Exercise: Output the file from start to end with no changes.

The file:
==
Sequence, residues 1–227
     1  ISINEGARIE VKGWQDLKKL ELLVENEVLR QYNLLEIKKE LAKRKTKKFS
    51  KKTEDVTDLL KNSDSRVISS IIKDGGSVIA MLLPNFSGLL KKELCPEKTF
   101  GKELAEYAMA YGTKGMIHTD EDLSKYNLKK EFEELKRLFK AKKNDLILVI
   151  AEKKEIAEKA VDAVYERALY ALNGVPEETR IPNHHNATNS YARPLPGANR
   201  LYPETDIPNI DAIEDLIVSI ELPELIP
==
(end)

Sequence, residues 1–227
     1  ISINEGARIE VKGWQDLKKL ELLVENEVLR QYNLLEIKKE LAKRKTKKFS
    51  KKTEDVTDLL KNSDSRVISS IIKDGGSVIA MLLPNFSGLL KKELCPEKTF
   101  GKELAEYAMA YGTKGMIHTD EDLSKYNLKK EFEELKRLFK AKKNDLILVI
   151  AEKKEIAEKA VDAVYERALY ALNGVPEETR IPNHHNATNS YARPLPGANR
   201  LYPETDIPNI DAIEDLIVSI ELPELIP